In the late sixties something happened to an american generation that would mark them forever. It’s a story of war, the battle for racial equality and the explosion of counter culture, it was a time when a generation rebelled, and lost its innocence in the battle against injustice. Vietnam was the first ever televised war, and the pictures were inescapable.
A decade which ended with disillusionment and anger started on a moral high note. Because of Rosa Parks and Martin Luther King jr, it seemed the time for racial equality in the US had finally arrived.
There is so much to write about in this era, that it is extremely difficult to select just 1 thing to concentrate on. Despite the fact that there is an absurd quantity of art and design that stems from this period of time. When we discuss the”sixties” all we seem to recognise is the music, psychedelic rock and artists such as Janis Joplin and Jimmy Hendrix in particular.
Album art and festival posters nevertheless is a fantastic place to start. As music was a force to be reckoned with, so came the album art work and poster designs, hand in hand. One thing that seems to be re-occurring with the majority of the visual artists at the time is compared with”Underground Comix”. These depicted content deemed unfit and forbidden to the stricter mainstream media.
When we look up group posters it is hard to avoid locating a Grateful Dead poster somewhere, anywhere. The artist behind these were Rick Griffin. He was an American artist and one of the leading designers of psychedelic posters in the 1960s. His work within the surfing subculture contained both movie posters and his comic strip, Murphy.
A Spanish-American artist, Moscoso was the first of the rock poster artists of the 1960s era with formal academic training and experience. Here he later became a teacher. He was among the first of the rock poster artists to use photographic collages in his art work.His artwork and poster work has continued up to the present and he’s a big inspiration to rock poster and record illustrators for this day.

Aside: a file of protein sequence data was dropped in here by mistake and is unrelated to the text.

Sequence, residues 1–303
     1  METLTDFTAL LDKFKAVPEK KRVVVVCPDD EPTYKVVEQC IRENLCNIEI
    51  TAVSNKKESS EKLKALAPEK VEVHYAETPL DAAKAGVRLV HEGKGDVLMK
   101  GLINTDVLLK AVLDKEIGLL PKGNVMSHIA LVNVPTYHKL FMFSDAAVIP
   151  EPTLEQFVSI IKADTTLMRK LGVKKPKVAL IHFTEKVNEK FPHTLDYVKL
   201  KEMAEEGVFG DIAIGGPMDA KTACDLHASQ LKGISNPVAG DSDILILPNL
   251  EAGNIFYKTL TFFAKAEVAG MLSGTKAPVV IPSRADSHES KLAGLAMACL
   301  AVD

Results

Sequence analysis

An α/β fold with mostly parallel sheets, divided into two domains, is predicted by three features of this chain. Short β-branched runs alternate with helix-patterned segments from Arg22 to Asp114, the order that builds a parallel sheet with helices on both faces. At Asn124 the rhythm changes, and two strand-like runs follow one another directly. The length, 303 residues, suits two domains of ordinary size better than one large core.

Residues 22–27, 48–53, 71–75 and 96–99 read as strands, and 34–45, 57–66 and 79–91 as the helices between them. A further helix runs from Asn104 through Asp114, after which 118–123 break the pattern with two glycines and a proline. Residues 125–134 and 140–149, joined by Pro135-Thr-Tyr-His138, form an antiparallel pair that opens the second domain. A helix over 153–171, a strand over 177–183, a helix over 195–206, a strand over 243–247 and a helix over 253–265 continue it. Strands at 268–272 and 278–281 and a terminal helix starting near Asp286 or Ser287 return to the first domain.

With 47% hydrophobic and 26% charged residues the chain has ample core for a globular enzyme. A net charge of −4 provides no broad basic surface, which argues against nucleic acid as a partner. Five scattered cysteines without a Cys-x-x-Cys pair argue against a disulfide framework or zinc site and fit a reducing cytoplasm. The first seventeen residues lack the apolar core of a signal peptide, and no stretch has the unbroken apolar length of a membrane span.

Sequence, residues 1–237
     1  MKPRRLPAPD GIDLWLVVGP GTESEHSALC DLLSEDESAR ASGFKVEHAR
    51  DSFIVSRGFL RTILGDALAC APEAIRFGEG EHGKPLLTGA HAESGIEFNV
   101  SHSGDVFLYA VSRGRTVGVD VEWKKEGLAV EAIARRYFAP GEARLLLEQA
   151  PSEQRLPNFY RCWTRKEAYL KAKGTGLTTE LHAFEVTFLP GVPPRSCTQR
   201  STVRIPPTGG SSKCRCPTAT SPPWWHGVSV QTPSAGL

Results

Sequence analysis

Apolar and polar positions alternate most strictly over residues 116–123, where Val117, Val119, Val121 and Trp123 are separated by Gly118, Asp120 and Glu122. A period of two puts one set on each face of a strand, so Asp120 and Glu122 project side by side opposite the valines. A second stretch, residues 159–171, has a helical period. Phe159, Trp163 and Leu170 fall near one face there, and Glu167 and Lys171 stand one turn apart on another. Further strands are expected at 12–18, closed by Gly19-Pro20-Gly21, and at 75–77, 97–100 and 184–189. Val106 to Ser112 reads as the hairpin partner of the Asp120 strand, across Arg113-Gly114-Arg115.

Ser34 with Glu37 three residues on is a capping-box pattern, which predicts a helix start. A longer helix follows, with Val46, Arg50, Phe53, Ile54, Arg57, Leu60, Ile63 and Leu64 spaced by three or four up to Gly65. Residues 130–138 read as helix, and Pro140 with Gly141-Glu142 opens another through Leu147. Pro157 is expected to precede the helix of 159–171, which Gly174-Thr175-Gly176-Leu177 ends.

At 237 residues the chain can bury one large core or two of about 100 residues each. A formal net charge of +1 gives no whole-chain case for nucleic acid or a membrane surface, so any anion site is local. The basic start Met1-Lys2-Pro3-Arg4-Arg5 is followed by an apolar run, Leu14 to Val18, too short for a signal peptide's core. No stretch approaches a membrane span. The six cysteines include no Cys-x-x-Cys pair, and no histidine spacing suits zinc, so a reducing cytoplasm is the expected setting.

Another American artist creating a name for her self at the time was Bonnie MacLean. She was born in Philadelphia and graduated from the Penn State University in 1960. She then moved to New York where she worked in the Pratt Institute while attending drawing classes in the evenings. She later moved to San Francisco where she met and worked with a man named Bill Graham, who became famous as the promoter of rock concerts at the Fillmore Auditorium. There she worked alongside another artist by the name of Wes Wilson.
The aforementioned artist Wes Wilson was also one of the top illustrators of psychedelic posters from the 1960’s. Working with Bill Graham and Bonnie MacLean, he had been a large part of promoting venues at the time together with posters and illustrative work for musicians and bands. The font and lettering of the posters from this era were made by him. He popularised this”psychedelic” font around 1966 that made the letters look like they were moving or melting. This lettering is still used on newer albums and art works for artists like Foo Fighters, Kyuss Lives and The Queens of the Stone Age. This in turn proves the psychedelic movement is still influencing artists, especially in the area of metal, desert rock and stoner rock. The style is very much still alive because its staple.
Modern poster styles:
Posters still influenced by the styles of art work can be traced through homages and inspirations in stone and metal posters in the current all the way back to this era. Several modern posters can be viewed on the web pages of Malleus Rock Art Lab if you ought to be interested. I personally find a whole lot of inspiration through their vision.